The Hundred-Foot Journey is the story of Hassan Haji, who travels over the course of the story from his boyhood in Mumbai to the pinnacle of the French culinary world as a Parisian chef and restaurateur. When we first meet Hassan, he is just a boy, growing up in a loud, boisterous Muslim family, with the family’s kitchen and restaurant the center of his world. The tastes and smells of Indian curries and spices are with him from birth, and his large, gregarious father is the heart that keeps them all going at top speed.
But after Hassan’s mother is killed, the family sells the restaurant and spends months traveling through Europe, finally stopping in the small village of Lumiere in the French Alps, when Hassan’s father declares that it’s time to set down new roots. He buys a vacant property and decides to open a new restaurant, Maison Mumbai, and all seems well with the family once more…
Except. Maison Mumbai is located just across the road from La Saule Pleureur, an upscale French inn and restaurant run by the indomitable Madame Mallory, practically an institution in the world of French cuisine. Madame Mallory is outraged by the impertinent Indian family and its noisy, uncouth intrusion into her refined world, and she sets out to make them feel as unwelcome as possible, going so far as to blackmail all the local vegetable and fish purveyors into not selling to the Hajis.
Madame Mallory’s greatest pain, though, comes after eating at Maison Mumbai. Hassan, now a teen-aged boy, is the head cook, and Madame Mallory cannot believe what she’s tasting. To her shock and dismay, she realizes that Hassan has a natural gift, which she describes as the food equivalent of having perfect pitch in music. Finally, Madame Mallory’s jealousy drives her to an act that causes real harm to the Haji family, and in penance and remorse, she asks Hassan’s father to allow Hassan to cross the street — the hundred-foot journey — and become her apprentice. Her greatest desire is to train Hassan in the art of French classical cuisine, and as it turns out, it is Hassan’s greatest wish as well.
All this occurs in roughly the first half of the book. From here, we follow Hassan’s training in Madame Mallory’s kitchen, his eventual departure for Paris, and ultimately the opening of his own restaurant, Le Chien Mechant. Hassan rises through the ranks of the elite chefs of France, a remarkable achievement for someone seen as an outsider.
And… that’s about it.
The book is weirdly anticlimactic, and wasn’t at all what I expected. It has a charming and engaging start, focusing on the Haji family and its eccentricities, especially with the outsized personality of Hassan’s irrepressible father. The conflict in Lumiere between the proper, elegant French restaurant and the noisy Indian restaurant, with its plastic menus and statues of elephants, is a funny, relatable portrait of a culture clash.
But from the moment Hassan moves over to Madame Mallory’s kitchen, the story loses all its steam. The second half of the book feel like a recitation of events, rather than a story. Hassan tells us about where he’s been, what he’s done, what he’s cooked, but it’s all just reporting. It simply does not feel lived in. As Hassan grows older and pursues the success he’s dreamed of, we see him doing it all, but I could not feel it. Even in relating what seems to be the emotional turning point of the second half, Hassan’s friendship with a star chef who is driven to suicide by the impending collapse of his business empire, there’s a lack of emotional connection. I didn’t feel that we got to know Paul particularly well, and while Hassan talks about their friendship, it seems more like listening to someone tell you about an old friend that actually meeting that friend yourself.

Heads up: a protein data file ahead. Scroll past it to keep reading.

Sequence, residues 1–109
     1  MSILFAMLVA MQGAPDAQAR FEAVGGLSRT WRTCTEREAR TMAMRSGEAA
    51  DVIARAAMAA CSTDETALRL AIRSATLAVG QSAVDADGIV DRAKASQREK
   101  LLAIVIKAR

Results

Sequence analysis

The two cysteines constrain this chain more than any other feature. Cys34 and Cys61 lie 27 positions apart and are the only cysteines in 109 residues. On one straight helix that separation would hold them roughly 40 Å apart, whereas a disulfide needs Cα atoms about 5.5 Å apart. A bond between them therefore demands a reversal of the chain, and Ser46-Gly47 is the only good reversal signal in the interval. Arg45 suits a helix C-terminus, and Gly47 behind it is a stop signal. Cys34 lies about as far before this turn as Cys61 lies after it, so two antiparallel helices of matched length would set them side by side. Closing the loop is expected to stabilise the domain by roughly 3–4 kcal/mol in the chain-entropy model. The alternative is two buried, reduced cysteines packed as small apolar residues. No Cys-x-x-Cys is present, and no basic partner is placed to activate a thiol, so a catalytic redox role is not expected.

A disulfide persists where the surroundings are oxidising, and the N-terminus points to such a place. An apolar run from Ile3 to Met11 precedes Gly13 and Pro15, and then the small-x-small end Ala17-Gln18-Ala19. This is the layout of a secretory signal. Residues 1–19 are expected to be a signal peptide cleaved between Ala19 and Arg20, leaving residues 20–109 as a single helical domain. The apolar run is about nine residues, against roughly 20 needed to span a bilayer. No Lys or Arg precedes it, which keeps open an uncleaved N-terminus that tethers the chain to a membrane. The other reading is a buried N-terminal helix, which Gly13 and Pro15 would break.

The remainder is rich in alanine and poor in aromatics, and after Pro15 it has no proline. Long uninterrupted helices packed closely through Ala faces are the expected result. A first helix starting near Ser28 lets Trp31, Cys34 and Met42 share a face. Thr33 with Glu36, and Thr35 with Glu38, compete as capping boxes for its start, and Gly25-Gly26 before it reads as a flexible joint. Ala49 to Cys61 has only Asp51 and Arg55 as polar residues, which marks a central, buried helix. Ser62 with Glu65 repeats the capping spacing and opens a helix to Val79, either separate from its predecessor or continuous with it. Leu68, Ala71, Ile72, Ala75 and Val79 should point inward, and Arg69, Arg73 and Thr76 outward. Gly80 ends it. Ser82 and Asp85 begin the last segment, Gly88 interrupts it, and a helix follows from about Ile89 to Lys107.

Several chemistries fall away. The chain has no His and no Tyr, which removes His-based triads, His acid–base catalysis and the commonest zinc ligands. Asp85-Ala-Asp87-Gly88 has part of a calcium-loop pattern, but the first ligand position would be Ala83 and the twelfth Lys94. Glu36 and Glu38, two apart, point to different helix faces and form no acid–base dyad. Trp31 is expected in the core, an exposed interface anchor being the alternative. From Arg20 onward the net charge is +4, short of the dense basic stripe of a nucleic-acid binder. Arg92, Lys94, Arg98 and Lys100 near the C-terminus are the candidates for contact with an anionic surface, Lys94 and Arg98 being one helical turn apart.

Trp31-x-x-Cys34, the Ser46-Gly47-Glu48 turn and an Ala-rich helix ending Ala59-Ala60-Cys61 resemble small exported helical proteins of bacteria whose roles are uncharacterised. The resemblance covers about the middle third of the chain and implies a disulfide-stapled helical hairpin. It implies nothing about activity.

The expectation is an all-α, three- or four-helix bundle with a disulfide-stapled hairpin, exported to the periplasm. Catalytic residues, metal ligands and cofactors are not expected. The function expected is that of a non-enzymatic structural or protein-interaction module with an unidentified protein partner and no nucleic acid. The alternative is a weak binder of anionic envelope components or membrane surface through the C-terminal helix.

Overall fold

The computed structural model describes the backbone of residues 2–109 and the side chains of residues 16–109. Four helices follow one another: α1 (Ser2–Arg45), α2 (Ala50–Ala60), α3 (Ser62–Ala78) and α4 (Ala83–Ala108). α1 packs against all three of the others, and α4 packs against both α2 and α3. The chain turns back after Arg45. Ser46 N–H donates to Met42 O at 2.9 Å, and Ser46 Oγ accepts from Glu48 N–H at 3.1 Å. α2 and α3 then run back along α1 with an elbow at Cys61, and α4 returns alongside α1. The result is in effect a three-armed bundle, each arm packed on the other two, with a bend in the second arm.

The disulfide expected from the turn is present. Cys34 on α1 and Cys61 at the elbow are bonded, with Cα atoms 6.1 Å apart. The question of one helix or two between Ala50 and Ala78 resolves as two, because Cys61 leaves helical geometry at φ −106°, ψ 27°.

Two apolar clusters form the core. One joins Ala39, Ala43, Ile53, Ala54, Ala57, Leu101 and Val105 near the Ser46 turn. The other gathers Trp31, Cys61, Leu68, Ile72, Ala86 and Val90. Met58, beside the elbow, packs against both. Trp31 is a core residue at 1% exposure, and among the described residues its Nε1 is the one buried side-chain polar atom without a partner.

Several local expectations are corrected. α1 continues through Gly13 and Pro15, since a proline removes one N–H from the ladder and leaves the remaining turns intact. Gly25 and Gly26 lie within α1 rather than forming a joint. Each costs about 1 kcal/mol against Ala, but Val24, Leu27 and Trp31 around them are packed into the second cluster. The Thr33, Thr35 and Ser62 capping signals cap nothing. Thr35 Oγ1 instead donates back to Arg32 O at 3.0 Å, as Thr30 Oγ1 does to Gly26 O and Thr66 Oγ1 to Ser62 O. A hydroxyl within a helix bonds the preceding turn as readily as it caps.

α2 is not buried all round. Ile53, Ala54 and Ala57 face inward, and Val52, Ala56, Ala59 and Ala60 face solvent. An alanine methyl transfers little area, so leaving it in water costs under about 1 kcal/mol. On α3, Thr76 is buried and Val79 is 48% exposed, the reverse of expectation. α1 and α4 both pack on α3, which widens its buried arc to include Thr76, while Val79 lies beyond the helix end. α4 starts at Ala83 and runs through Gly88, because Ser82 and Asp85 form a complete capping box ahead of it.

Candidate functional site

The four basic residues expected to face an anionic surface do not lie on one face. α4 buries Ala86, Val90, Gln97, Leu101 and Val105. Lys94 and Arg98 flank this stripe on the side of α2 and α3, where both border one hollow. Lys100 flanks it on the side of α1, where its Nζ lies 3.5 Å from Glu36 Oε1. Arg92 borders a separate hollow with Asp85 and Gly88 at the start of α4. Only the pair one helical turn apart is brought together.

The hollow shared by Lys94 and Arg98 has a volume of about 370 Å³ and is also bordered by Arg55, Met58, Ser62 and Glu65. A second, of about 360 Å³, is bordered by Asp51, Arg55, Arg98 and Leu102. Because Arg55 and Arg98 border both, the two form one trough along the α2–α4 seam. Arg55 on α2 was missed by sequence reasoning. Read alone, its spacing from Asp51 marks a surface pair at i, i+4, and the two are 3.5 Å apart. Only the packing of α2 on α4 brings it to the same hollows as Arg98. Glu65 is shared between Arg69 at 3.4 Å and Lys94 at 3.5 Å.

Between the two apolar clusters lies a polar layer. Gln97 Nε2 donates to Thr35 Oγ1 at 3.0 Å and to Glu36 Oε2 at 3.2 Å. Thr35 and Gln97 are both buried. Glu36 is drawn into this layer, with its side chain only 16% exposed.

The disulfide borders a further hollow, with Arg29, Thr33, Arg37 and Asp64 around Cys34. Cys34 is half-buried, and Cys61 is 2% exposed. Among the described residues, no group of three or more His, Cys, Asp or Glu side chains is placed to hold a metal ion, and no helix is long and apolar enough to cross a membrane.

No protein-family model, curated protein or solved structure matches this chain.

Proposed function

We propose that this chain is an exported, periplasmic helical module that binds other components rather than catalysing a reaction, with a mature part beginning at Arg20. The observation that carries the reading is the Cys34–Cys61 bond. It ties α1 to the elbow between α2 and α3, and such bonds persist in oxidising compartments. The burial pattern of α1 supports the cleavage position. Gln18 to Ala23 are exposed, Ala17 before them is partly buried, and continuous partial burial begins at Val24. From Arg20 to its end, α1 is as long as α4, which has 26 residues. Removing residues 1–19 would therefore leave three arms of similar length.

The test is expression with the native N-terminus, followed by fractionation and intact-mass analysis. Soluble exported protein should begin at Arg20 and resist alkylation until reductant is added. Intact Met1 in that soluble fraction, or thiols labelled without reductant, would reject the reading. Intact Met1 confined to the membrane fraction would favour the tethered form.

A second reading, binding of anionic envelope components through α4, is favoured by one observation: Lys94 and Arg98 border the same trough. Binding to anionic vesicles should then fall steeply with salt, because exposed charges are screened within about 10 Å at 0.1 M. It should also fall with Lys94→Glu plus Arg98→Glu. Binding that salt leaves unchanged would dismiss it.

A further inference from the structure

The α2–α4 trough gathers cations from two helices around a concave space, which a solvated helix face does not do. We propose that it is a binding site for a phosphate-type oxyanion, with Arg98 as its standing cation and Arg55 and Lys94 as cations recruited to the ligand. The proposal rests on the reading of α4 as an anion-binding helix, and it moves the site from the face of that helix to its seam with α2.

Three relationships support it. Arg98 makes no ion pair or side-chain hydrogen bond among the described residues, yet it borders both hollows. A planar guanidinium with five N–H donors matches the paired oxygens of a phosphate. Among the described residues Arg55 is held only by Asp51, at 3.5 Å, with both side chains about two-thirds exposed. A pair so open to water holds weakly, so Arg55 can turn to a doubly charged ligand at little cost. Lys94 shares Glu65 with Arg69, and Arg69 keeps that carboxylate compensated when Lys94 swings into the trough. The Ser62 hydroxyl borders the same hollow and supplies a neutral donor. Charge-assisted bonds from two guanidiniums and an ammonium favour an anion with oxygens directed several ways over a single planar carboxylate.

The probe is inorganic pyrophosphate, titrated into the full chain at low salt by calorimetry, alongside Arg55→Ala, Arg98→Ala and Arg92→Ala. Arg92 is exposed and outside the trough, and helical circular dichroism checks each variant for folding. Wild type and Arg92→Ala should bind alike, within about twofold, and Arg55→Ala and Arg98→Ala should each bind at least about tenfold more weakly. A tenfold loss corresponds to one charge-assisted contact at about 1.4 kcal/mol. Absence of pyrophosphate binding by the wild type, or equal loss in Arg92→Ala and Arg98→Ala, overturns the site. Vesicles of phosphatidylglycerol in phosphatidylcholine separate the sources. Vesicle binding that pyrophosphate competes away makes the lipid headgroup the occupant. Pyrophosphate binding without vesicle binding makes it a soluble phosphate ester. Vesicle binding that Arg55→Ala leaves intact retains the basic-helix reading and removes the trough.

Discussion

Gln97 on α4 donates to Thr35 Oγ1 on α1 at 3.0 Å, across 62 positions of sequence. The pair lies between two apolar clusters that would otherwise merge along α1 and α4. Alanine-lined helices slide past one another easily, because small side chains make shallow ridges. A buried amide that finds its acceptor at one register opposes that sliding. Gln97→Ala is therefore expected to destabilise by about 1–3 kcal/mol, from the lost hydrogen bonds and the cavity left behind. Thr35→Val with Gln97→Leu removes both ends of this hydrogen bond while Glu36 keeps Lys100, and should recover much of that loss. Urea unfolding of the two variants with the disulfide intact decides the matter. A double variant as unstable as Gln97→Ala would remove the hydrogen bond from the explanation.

The narrator of the audiobook, Neil Shah, does a nice job with Hassan’s first-person narrative, and I loved his depiction of Hassan’s father. The voice for the female characters was not as convincing, bordering on mimicry, especially when putting on a French accent for Madame Mallory.
In terms of the writing style, I had a problem with the author’s descriptions of the female characters. Madame Mallory is a highly respected French chef in her mid-sixties when we meet her, yet the author persists in describing her as elderly and crone-like — and indeed, he’s not kind to any of the women in the novel. Do we need to know that a woman Hassan briefly dates is thick-thighed? I don’t think so, especially as he doesn’t bother to describe anything else about her. Madame Mallory acts awfully toward the Haji family but ultimately becomes important to Hassan, yet it’s hard to get past the incredibly negative descriptions of her looks that get so much emphasis.
I know The Hundred-Foot Journey was made into a movie (starring Helen Mirren), and I’d still like to see it as a point of comparison, even though I didn’t much care for the book. My impression from what I’ve read about the movie is that it focuses on the first half of Hassan’s story. I only wish the book had had the same focus. Sadly, the second half of the book often seems like a boring slog through lectures on food preparation, the French economy, and the challenges of the restaurant business. Without any drama or personal investment, it’s hard to care much at all about Hassan’s ultimate triumph.
Note: I read/listened to this book after my book group selected it for our March group read. I haven’t yet checked in with the group to see what they thought. For me, this was not one of our more successful picks.
Title: The Hundred-Foot Journey
Author: Richard C. Morais
Narrator: Neil Shah
Publication date: 2008
Audiobook length: 8 hours, 551 minutes
Printed book length: 272 pages
Source: Library (Overdrive)